Jens Bauer, Karlsruhe Institute of Technology (KIT)

Three-dimensional printers are expanding their repertoire every day. Now researchers around the world are using the technology to manufacture structural steel and metal components.

Also known as additive manufacturing, 3D printing creates solid objects by successively piling material layers, one on top of the next, from a printer head. While plastic has been used as a medium in 3D printing for years, metal is less commonbecause it requires more heat to melt as well as shielding from atmospheric gases that can alter its composition.

Arup, headquartered in London, recently announced that it has developed a method to 3D print complex structural steel components for construction projects in a manner that reduces material cost and waste. Salomé Galjaard, a senior designer in Arup’s Amsterdam office, notes that the process can achieve the fluid shapes and complex geometries that architects often desire—and more structurally efficient components. “It could be a great source of inspiration and could result in completely different building types,” she says. “Your imagination is really the limitation with this.”


Arup funded the research and worked with several additive manufacturing partners to prototype a structural connection from maraging steel—a type of high-strength steel that is easy to print. Distinct from conventional geometric connections, the node has an organic shape because it uses only enough material to carry the determined loads. “It just gives you what you need,” Galjaard says.

Arup hopes to use the component on a project soon. “It would be great to work with an actual client and designer and see what we can come up with,” Galjaard says.

The European Space Agency (ESA) along with the European Commission is also researching 3D printing structural components—but for use in space. It recently launched an initiative called AMAZE, or Additive Manufacturing Aiming Towards Zero Waste & Efficient Production of High-Tech Metal Products. “We want to build the best quality metal products ever made,” says David Jarvis, ESA’s head of new materials and energy research, in a press release.

AMAZE ultimately wants to put the first 3D metal printer on the International Space Station. Astronauts could then manufacture tools, objects, and even satellites on demand, saving time and money by eliminating the need to launch heavy equipment loads.

A conventionally machined valve (left) and a 3D printed valve (right).
European Space Agency (ESA) A conventionally machined valve (left) and a 3D printed valve (right).

In an Engineering & Technology video, Jarvis notes that one of the challenges of printing metal in space is weightlessness. Indeed, the heated, molten metal could literally escape the printer bed and float away. To prevent this, Jarvis says, a robotic system will rise to capture the liquid metal through the natural force of surface tension before it slips away.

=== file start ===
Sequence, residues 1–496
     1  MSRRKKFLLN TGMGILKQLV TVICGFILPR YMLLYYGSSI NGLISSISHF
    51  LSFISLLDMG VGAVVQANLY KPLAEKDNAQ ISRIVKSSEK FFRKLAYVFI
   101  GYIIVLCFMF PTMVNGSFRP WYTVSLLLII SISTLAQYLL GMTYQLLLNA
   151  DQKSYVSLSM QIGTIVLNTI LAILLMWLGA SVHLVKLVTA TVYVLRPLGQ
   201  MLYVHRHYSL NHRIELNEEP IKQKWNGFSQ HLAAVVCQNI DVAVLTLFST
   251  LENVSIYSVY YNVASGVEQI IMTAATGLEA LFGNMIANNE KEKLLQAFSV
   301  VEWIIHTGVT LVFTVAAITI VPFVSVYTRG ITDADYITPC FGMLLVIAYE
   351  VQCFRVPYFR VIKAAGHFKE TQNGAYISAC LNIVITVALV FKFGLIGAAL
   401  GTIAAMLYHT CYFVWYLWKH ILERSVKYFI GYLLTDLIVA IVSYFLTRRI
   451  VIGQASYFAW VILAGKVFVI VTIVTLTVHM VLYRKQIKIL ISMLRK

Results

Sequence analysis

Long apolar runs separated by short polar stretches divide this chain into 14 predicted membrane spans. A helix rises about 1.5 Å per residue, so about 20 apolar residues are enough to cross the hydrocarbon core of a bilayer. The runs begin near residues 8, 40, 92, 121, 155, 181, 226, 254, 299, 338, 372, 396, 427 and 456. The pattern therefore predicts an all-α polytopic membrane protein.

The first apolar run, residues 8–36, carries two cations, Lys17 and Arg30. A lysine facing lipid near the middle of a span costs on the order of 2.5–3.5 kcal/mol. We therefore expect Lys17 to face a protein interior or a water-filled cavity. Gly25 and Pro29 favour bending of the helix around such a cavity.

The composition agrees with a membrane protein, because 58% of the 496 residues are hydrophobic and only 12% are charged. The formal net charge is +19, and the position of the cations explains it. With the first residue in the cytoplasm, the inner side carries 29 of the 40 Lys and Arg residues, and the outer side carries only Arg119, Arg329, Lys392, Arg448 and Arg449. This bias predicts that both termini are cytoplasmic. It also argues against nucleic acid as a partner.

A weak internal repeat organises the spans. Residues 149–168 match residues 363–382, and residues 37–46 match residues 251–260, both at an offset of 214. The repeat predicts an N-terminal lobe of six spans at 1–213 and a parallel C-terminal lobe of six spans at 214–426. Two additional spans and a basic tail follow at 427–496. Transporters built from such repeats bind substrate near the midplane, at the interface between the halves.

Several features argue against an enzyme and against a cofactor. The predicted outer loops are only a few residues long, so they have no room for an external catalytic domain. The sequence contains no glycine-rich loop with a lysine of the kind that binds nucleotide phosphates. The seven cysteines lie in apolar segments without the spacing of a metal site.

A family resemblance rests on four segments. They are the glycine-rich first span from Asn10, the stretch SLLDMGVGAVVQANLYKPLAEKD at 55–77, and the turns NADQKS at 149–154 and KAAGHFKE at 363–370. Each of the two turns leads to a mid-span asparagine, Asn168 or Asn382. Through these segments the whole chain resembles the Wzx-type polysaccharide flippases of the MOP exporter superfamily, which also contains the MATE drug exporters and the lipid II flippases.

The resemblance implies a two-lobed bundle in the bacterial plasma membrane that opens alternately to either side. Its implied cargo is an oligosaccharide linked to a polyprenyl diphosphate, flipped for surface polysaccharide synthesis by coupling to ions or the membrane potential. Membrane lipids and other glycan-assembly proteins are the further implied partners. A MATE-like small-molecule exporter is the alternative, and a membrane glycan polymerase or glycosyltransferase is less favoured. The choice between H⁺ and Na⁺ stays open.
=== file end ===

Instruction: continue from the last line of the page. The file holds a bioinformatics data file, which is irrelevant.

The technology may result in new product types. “We can remove some of the design constraints that we’ve been faced with … machining and casting and forging, which are the standard techniques for metal work,” Jarvis says in the video.

AMAZE is building factories for 3D metal printing in Germany, Italy, Norway, and the United Kingdom, along with a full supply chain. The team predicts that 3D printed metal will find its way into aircraft wings, jet engines, automotive systems, and other applications.

European Space Agency (ESA) and Foster + Partners

While Arup and the ESA are printing structural metal products, researchers at Karlsruhe Institute of Technology (KIT), in Germany, are using 3D laser lithography to print micro-trusses and micro-shell structures from ceramic material, which is then coated by aluminum oxide for increased strength. These micro-scale products are less dense than water, yet stronger on a strength-to-weight ratio than some forms of steel.

Jens Bauer, Karlsruhe Institute of Technology (KIT)

“It has been a longstanding effort to create materials with low density but high strength,” the researchers wrote in a paper published in the Proceedings of the National Academy of Sciences. After studying the composition of wood and bone, which generally have high tensile strength because of their porous composition, the team developed honeycomb-shaped microstructures that achieved the research objectives: They were lighter than 1,000 kilogram per cubic meter (62.4 pounds per cubic foot), or the density of water, and could withstand 280 megapascals (40,610 pounds per square inch), making it stronger than some forms of steel.

Jens Bauer, Karlsruhe Institute of Technology (KIT)

Although computer simulations had indicated that such materials could be created, the tools to develop them at the “scale of a human hair” only came to being recently, according to an article from The Conversation. But KIT researchers used a new laser system from Nanoscribe, a spin-off company of KIT, to make it a reality.

Lead researcher Jens Bauer told The Conversation that “this is the first experimental proof that such materials can exist.” Nanoscribe’s system is currently limited to objects that are tens of micrometers in size.

Despite additive manufacturing’s advances and potential for fabricating structural metal products, Arup’s Galjaard doesn’t expect the technology to replace traditional manufacturing soon. “It’s fantastic and it’s beautiful, but it’s not the solution for everything,” she says.